The Sun Finally Shines on Dynamic Languages
In Java 6 Sun has introduced two JSRs specifically intended to improve Java as a scripting platform. JSR 223 makes it easier for Java based scripting languages to interact with existing Java classes. This will improve JS execution with Rhino, the popular JS implementation used on the JVM. JSR 292 introduces a new bytecode invokedynamic that supports efficient and flexible execution of dynamic method sends. The good work by the JRuby team at Sun demonstrates that dynamic languages such as Ruby can be implemented quite efficiently on the JVM by using a combination of compilation and proven VM implementation techniques such as inline caches. Through the use of tricks used in Smalltalk and Self as well as type inference and selective compilation it is now possible to script server side applications using JS or Ruby.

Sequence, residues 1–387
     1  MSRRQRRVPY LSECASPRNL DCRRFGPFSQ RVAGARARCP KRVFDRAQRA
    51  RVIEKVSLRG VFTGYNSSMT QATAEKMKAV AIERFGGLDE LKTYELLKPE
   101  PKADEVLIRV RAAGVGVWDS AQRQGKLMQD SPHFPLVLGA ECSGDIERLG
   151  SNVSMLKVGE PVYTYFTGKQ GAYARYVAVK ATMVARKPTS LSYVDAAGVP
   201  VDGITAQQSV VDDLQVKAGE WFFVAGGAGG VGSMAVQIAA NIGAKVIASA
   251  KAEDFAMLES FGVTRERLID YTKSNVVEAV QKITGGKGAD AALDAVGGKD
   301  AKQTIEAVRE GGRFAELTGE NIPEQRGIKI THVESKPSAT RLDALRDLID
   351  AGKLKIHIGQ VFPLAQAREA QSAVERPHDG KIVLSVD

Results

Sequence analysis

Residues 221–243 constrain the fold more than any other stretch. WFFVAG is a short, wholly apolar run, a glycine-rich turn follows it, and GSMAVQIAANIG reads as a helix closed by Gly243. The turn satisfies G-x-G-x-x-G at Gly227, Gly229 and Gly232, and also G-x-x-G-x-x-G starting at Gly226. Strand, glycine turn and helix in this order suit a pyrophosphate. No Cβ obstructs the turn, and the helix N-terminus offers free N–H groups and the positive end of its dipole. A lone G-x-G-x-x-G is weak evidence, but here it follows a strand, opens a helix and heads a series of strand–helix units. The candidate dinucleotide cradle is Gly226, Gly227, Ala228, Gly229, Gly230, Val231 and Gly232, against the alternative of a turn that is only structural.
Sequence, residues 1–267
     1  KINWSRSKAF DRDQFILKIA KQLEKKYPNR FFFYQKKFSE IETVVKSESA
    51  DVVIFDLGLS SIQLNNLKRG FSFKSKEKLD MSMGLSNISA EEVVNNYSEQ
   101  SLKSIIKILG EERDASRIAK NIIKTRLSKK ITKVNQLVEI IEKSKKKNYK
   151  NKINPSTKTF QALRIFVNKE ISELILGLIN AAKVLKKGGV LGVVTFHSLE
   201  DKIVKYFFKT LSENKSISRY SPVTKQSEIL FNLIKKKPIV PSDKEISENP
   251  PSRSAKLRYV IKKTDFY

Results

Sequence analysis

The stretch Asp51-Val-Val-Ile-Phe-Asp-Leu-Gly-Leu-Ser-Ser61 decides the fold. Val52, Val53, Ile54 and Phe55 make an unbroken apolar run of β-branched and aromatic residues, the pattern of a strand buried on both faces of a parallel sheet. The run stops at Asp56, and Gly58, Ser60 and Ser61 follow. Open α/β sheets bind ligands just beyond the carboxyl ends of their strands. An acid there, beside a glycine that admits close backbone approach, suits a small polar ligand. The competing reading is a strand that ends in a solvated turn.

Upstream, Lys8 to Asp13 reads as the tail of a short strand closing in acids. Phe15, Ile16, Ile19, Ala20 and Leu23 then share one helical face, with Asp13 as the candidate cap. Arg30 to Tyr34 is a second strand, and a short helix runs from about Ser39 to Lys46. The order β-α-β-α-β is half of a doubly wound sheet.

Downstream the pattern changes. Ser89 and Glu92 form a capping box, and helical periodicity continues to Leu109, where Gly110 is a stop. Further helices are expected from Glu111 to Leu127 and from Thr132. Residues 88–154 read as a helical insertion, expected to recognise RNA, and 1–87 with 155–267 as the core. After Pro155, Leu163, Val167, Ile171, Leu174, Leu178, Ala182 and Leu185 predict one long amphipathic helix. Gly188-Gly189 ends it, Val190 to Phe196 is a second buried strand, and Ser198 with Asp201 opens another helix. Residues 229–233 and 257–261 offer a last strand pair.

Google Reviving Rhino?
Google has recently been an active contributor to Rhino, the open source JS implementation on the JVM. Although it is doesn't support the current standard perhaps renewed efforts will bring it in line. It should be enabled through Java JSR 223.
More impressively, Google has recently demonstrated the implementation of a Rails like framework Rhino-On-Rails using Rhino JS. A recent blog post by Steve Yettes has spiked rumors about Rhino at Google. However, if Google does do something it would seem more likely to leverage its Smalltalk, Self and Hot Spot expertise given Google's VM wizards such as Jeffrey Dean, Urs Holtz and Lars Buk, etc. This would provide a better client and browser side story that didn't mandate a JVM. Perhaps there is a Hot JS on the horizon, when it comes to Google anything is possible.
IBM Project Zero?
Rather than leveraging the true open source community that made IBM a mainstream player with Eclipse, IBM seems to be playing bait and switch with bogus community style licenses for Project Zero and Jazz. This has the potential to take IBM from OSS leader to loser, especially if in doing so they alienate the good will and support of the Eclipse community, which has supported IBM in its tooling and runtime efforts.